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Local Newspapers are essential for nonfiction writers

My research of Virginia in the 1960s and 1970s almost entirely depends on local newspapers.  I am investigating the impact of the discovery of an earthquake fault under the North Anna Nuclear Power Plant in central Virginia on the man who discovered it, on local farmers who lost their land to the project, and on the nuclear power industry in the United States. 

Nothing beyond the most meager facts about the power plant in rural Louisa County, Virginia can be found on Wikipedia.  Nothing can be found on Twitter or Facebook or any of the plethora of social media sites that have materialized faster than lawsuits in our endlessly litigious world.  

That’s why I am extremely grateful to Louisa County’s own local newspaper, The Central Virginian, for not only articles about the origins of the North Anna Nuclear Power Plant but also their vivid photos that capture the enormous scale and impact of the project.

Archives of The Central Virginian aren’t online, at least not for the years I was investigating, 1968 to 1975.  I called the Louisa County Public Library and learned that the library had The Central Virginian newspapers neatly organized by year, bound in thick books, and stored in their easily accessible stacks. They aren’t on microfilm like The Daily Progress, the Charlottesville local newspaper.  I actually had to open the large bound books and inspect page after page of The Central Virginian to find what I needed.  I’d take a photo of the article or image and email it to myself.   Once home, I transcribed the article or copied the image for use in my research.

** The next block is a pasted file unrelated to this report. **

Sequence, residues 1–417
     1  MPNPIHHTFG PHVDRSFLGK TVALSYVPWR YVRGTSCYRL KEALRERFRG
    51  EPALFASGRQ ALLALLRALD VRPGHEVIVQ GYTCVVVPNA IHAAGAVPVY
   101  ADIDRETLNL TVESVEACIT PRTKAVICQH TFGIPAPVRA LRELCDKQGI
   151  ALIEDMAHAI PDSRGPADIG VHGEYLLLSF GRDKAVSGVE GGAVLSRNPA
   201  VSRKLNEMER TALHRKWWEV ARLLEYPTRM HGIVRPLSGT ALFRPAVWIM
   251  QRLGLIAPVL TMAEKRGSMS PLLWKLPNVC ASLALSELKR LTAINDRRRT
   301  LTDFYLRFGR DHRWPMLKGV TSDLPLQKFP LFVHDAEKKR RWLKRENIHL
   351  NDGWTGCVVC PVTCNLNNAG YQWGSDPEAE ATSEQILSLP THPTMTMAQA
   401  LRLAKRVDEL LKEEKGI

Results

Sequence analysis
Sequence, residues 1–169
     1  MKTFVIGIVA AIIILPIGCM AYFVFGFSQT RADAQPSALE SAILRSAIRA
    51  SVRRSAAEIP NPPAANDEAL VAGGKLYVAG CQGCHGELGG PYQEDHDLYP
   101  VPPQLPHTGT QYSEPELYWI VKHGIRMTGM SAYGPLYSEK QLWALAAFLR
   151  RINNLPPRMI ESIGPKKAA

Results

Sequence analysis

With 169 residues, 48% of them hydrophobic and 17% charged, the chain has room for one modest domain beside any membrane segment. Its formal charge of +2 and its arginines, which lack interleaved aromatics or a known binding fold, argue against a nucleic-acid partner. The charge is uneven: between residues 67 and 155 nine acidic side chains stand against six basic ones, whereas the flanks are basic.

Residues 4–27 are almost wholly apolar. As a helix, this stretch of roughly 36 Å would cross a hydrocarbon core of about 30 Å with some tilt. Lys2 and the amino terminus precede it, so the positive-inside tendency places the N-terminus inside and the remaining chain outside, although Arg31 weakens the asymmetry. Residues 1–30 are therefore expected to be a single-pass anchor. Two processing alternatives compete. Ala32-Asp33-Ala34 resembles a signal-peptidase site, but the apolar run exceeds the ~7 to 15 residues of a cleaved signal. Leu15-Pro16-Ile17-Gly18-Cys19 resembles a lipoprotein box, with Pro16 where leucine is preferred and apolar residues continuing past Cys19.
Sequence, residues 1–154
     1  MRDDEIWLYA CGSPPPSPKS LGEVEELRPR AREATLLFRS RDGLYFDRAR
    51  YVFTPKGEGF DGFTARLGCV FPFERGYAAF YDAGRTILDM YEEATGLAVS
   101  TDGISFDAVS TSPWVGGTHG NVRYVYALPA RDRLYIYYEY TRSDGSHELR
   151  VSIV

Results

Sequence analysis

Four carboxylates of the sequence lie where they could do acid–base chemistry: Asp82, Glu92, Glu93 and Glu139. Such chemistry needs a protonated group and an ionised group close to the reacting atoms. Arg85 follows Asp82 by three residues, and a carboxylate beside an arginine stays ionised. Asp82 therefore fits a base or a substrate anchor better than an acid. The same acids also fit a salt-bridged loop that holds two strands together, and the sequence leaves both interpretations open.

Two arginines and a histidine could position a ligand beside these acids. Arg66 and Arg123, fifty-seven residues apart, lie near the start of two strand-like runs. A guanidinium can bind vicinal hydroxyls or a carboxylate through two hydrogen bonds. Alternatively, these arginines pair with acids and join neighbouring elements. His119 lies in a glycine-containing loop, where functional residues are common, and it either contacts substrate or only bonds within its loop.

As my research grew, I developed a fondness to certain reporters who took the time to interview the property owners affected by the construction of the nuclear power plant.  I felt like I shared a common interest with these reporters, especially one particular reporter who worked for the larger regional newspaper, The Richmond Times-DispatchJean Purcell worked the Louisa County beat for the Richmond Times-Dispatch and dug deep into the lives of the people who lived there.  Farmers and teachers and politicians, she interviewed them all.  She reported on the announcement of the nuclear power plant construction, on the people that lost their farms to the project, and the controversies surrounding the discovery of the earthquake fault under the power plant site.  Then, all of a sudden, her articles stopped.  I was heartbroken.  I had lost a wise and dependable friend.  I searched for her name on the web and discovered she’d retired and became involved with other activities. Ms. Purcell has since passed but I was able to find one of her children on Facebook and send them a message to tell them how much I greatly admired their mother’s reporting.

The demise of local and regional newspapers is a huge loss for current society and future historians.  Too many of us get our news from TV pundits, Twitter provocateurs, or Facebook friends.  Where will future historians go to discover the small current events that ripple out and change history?